Today’s post is the first in a series of ‘How To’s’ for the home wrench. I’ll start off right away and let you know there simply is no way of doing a ‘cheap’ oil change on a 911 as they require 9 qts of fully synthetic oil which in itself will add up. But you can possibly save yourself a few dollars from the local dealership as well as having the peace of mind in knowing the job was done properly.
The pictures provided will be on the lift, however this can easily be done on the ground with jack-stands.
First, start off by making sure the motor is warm and up to operating temp. This will insure the maximum amount possible of old oil is drained from the motor. You’ll want to start with pulling the drain plug as you would with any other car:
This is a 5/16 Hex Bit. Remove and discard the crush seal, clean and set aside. Word of caution… the oil will quite literally shoot out of the pan at first and WILL BE HOT. I always wear gloves as there’s pretty much no way to keep it off your hands unless you don’t mind drenching your tools. Let the car drain for about 20 minutes or so. You’ll want to be sure and have a large enough container to collect the oil, keep in mind you’ve got 9 quarts coming your way.
After the motor has had sufficient time to drain, replace your crush seal and torque the drain plug down to 37 ft/lbs. Next, move onto the filter…
Remove with your filter wrench of choice and replace the filter unit and rubber seal that will be included with your filter kit. Make sure to always replace this seal as constant heating and cooling can cause it to fatigue over time even if it appears 100% from the outside. Simply place your filter in the housing, fill with fresh mobil 1 (or the oil of your choice) and move topside.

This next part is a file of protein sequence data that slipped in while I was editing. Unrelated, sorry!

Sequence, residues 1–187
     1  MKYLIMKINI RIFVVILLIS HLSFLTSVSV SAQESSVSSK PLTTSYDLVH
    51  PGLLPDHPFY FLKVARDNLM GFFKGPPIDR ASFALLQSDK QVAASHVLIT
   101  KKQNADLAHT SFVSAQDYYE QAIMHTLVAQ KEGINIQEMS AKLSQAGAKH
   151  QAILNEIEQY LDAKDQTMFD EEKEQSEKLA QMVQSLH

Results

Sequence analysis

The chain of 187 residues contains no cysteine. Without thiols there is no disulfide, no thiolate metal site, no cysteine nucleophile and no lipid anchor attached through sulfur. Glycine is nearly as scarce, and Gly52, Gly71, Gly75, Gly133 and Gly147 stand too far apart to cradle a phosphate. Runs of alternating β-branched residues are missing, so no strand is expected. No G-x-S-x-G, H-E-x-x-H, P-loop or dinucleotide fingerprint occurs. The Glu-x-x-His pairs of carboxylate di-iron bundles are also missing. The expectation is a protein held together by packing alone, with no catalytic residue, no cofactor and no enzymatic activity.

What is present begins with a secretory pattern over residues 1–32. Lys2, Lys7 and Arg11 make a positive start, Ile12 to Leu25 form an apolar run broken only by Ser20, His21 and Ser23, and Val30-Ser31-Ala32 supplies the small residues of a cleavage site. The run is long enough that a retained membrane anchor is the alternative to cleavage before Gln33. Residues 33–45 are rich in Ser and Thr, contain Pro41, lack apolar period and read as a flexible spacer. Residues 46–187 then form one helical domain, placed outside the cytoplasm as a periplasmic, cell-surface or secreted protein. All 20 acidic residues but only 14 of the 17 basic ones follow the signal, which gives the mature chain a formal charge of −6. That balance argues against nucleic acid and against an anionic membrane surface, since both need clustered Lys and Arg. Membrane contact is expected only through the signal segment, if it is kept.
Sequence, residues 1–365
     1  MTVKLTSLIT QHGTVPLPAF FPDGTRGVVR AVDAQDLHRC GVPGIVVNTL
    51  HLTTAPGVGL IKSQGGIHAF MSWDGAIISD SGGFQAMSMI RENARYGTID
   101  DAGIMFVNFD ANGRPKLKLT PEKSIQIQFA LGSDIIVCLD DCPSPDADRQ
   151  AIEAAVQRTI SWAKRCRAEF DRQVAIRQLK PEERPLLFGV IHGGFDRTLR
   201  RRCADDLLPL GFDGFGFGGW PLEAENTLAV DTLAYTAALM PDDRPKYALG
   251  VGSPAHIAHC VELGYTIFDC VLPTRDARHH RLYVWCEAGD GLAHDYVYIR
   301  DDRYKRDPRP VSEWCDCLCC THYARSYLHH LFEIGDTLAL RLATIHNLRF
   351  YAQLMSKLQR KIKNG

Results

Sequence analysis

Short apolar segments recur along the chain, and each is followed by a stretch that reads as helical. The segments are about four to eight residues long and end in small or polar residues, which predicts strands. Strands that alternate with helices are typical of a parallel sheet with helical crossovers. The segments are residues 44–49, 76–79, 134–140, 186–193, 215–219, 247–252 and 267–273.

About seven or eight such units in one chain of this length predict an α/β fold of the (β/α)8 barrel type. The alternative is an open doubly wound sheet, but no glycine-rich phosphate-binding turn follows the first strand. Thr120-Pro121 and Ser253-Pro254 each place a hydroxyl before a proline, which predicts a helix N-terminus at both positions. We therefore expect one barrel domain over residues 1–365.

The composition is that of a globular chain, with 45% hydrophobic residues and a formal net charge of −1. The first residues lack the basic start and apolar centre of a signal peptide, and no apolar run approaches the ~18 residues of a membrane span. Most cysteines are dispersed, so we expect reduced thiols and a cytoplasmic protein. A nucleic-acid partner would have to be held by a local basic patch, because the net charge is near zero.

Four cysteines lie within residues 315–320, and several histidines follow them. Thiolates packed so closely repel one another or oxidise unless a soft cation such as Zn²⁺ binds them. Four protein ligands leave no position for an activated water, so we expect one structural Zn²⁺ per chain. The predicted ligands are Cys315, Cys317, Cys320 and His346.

From here the process is pretty straight forward… I fill with 8 qts of mobile 1 being sure to check the dipstick that the N/A 911 motors are so kind to provide us with, replace the cap and start the motor for about 20 seconds. I then move back to the bay and fill with the 9th and final qt. It’s always a good practice to check the dipstick numerous times in case you went too fast and left a drain-plug loose, or the filter loose. Doing your own oil change but pouring the oil straight in the top and out the bottom will NOT save you money! 🙂
Your 911 is also equipped with a gauge in the cab to keep an eye on both oil pressure and amount. It’s the nature of a flat boxer motor to use a little bit of oil so always keep an eye on your level throughout normal operating conditions. As always you are doing this oil change at your own risk and I hold no accountability… That said, it’s quite easy and can be tackled by the home mechanic even on a complex motor such as your 3.4 or 3.6 liter Porsche mill. Thanks for taking a look and feel free to ask any questions, as always if you’ve found this tutorial helpful and would like to donate any small amount please send paypal donations to firstname.lastname@example.org which allows me to keep posting these up. Wrench on!